Ireland is truly unique and beautiful. It’s also a country that lives with its past and present, haunted by death, blood and war. I love it. As a writer, I travel to find places and people that inspire me, fill me with awe and dreams and memories. My two companions, an artist and a photographer, shared these sentiments and ferreted out the roads less traveled. With one exception, if there was a tour bus there, we turned the car around and made for the next cattle track, rewarded greatly, as a rule. The entire country is filled with vistas that take your breath away, hidden ruins of abbeys and great castles, fairy tale woods and friendly locals. Sometimes it was a little frightening, once ending up in a field of luckily friendly cows, disturbing a family that was sitting down to tea in their castle that didn’t look as though anyone lived there (oops), but we figured it out, day by day. As the Irish say, it’s grand.
For instance, we wanted to see the Rock of Cashel, but it was very crowded with tourists, so instead we drove down a little road to find the 12th century Hore Abbey, and it was just us, the meadow, the wind, and the ghosts of the past. Lovely.
We spent two days in Dublin and Temple Bar is fun, Trinity majestic, Christchurch Cathedral historical, but a little church on the north side of the Liffey called St. Michan’s, built in 900 AD, with mummies in the crypts below, was the hands down winner. You do have to pretty much crawl down some ancient stone steps through cobwebs, but a little gravedust in your hair is a small price to pay. Here I learned that if your family had paid a tithe to the church for burial, it extends to the rest of your family in perpetuity. Many of the abbeys and priories we found had gravestones as late as this year, the wind whistling through the ancient bricks, fresh flowers on the grave.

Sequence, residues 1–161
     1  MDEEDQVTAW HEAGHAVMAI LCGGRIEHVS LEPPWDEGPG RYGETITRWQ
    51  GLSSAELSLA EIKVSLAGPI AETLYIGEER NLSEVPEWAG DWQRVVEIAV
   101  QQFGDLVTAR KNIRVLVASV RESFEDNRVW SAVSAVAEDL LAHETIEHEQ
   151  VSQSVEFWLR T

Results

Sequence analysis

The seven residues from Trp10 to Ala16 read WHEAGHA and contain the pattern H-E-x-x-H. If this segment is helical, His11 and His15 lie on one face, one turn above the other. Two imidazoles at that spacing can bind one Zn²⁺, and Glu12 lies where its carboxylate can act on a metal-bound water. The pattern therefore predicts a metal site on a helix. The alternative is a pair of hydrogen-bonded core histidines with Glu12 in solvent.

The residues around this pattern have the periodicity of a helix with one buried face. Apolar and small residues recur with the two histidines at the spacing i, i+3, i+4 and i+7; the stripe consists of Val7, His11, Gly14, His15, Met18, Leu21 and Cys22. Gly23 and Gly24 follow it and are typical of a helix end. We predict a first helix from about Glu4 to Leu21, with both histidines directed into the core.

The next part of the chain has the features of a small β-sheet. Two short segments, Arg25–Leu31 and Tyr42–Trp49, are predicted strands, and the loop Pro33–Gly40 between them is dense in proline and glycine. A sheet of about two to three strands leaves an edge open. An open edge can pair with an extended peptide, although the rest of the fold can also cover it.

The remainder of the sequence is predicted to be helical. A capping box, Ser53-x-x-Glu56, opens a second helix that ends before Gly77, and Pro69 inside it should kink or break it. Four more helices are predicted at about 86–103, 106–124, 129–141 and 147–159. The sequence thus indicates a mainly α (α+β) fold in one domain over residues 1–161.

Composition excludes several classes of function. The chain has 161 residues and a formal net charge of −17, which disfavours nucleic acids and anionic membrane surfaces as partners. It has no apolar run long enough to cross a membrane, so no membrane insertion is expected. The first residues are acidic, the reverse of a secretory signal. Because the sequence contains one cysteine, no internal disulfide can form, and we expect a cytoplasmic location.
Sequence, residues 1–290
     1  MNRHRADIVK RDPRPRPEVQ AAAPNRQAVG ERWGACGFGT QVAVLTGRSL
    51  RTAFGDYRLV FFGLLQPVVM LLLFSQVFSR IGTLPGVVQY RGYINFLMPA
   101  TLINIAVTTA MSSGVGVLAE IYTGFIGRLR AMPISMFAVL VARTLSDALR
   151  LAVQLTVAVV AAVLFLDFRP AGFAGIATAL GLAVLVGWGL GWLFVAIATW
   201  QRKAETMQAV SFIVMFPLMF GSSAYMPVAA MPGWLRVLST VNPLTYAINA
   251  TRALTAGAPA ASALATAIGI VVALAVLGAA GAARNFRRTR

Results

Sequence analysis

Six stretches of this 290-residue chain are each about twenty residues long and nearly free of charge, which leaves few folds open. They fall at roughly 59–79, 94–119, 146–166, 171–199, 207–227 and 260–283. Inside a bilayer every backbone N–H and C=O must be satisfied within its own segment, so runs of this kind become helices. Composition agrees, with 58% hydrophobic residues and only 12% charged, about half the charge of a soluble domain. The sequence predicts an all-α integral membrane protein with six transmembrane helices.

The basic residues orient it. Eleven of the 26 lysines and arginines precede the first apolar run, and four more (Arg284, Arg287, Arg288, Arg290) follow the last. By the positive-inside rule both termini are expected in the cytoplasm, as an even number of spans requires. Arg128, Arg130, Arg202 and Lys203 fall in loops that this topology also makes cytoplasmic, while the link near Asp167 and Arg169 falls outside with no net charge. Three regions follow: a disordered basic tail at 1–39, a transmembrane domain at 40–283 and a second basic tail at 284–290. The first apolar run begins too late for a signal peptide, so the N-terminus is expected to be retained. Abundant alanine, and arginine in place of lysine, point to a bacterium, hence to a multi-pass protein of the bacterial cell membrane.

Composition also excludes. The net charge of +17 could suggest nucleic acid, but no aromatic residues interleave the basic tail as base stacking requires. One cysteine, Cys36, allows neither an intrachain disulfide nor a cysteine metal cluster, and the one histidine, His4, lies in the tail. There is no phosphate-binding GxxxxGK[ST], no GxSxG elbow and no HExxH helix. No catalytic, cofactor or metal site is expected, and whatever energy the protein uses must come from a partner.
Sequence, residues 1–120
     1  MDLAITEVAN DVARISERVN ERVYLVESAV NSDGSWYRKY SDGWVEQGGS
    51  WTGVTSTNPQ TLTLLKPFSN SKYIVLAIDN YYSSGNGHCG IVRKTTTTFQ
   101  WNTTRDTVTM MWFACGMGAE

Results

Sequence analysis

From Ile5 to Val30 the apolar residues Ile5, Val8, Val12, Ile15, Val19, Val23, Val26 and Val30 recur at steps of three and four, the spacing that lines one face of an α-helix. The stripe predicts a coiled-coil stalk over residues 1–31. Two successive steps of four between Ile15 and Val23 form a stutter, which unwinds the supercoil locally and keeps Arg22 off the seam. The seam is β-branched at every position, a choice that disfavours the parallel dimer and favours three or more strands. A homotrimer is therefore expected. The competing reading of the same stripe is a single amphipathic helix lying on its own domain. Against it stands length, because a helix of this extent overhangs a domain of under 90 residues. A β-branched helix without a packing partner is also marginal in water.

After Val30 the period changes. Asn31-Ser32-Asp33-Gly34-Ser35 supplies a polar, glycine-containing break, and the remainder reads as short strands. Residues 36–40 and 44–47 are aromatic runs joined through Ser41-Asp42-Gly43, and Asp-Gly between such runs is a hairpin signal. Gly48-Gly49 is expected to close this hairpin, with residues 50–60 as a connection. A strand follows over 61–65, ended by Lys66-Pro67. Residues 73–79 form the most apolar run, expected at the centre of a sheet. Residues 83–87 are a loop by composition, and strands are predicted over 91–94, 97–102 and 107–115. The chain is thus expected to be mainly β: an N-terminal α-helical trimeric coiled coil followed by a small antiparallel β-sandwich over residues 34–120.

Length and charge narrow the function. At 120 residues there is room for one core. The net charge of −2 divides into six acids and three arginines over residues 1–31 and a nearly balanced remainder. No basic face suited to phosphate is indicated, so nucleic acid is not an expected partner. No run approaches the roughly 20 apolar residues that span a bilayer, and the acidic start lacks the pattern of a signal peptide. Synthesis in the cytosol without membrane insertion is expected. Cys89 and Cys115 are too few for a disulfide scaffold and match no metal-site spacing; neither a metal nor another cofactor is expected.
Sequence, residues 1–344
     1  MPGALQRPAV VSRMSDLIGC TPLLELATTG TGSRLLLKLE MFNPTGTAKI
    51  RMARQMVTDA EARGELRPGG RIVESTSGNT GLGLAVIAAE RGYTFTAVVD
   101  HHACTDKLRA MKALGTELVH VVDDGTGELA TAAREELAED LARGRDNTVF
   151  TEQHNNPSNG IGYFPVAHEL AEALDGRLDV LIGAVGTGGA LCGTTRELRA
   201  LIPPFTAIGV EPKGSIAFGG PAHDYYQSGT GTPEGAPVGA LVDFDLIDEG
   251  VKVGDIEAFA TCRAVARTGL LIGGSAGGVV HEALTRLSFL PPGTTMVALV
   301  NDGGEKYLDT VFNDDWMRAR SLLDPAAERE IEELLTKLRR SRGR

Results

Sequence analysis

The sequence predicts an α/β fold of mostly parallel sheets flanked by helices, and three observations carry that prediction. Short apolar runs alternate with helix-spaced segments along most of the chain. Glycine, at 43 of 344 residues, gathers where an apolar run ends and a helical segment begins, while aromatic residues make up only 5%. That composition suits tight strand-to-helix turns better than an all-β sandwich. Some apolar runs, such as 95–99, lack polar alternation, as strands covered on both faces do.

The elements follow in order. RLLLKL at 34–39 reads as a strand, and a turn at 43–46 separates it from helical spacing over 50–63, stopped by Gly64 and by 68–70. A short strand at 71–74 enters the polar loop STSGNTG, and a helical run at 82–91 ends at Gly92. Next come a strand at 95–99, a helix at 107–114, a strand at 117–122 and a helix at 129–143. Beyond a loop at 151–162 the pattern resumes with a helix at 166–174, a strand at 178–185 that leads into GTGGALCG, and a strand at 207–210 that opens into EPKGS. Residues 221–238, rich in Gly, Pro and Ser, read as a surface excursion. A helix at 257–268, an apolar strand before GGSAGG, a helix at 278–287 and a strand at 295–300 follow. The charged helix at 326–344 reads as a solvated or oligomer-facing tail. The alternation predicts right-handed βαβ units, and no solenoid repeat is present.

Then we hit the road and many places down side roads on the way to Blarney Castle. Everybody knows this one, but we got there early on a Sunday morning, and there were very few other people around at first. It was worth it. Blarney is extraordinary, no question. If you want to kiss the stone (pass) you must climb up six stories of narrow stone spiral steps, slippery with damp, and the way down is worse. Instead, go to the poison garden, the stableyard, the battlements and the rock close. Grand.
From then on, we were off the map entirely, except for a night in Adare, the world’s most charming village, but used to tourists, sadly, and Galway, whose much-vaunted pubs and music were the same. Then we hit Cong Abbey and woods, the place where they filmed The Quiet Man, which worried me, but it was fairly deserted and a more beautiful place would be hard to find. We had lunch in the Hungry Monk Cafe, owned by the delightful Aisling Butler and her husband Jonathan Byrne. Best food in Ireland. How can you resist a chalkboard menu that says “a salad with lovely things” and blaa bread baked two hours earlier? I couldn’t.
So many wonders, so little time really. We drove around Lough Corrib, one of the largest lakes in Ireland. It was so beautiful we kept stopping just to breathe it in and of course, photograph it.
There were many other wonders, but on our last day, we found Donadea Woods. It’s a park now, where mummies take walks with strollers, but when we arrived there was only one, and as we walked through the woods, we came upon the ruins of Donadea Castle, only abandoned in 1935. In the past, it was one of the largest castles in Ireland, especially the entranceway, lined with lime trees, acres of gardens which are now the park itself. To me, it was like Sleeping Beauty’s castle, the towers and entrances overgrown with moss and ivy, but still hauntingly beautiful. My favorite place of all.
Grumpy me didn’t want to leave Donadea, since I’d found my castle.
But leave I had to, because restoring this place would cost millions and I had a plane to catch. Still, if I had the money, I’d do it in a heartbeat. (Have to sell a lot of books!)
Go to Ireland. Rent a car when you do, because that’s the best way to really experience this country. Yes, the first day of driving on the left and the roundabouts is quite terrifying, but you’ll get the hang of it, trust me. Then you have the freedom to really go where you want. Get a guidebook with a map but do your own research. Find those delightful out of the way places, the places where life, love and heartbreak happened. Visit the villages where not a lot has changed in some ways, and where everything has in others, an interesting juxtaposition. Soak it in and take your time. Time is one thing Ireland knows a lot about, and for good reason.
Now I have inspiration for my next book, hmmm…an Irish immigrant from the village of Ballyowen lands in New York…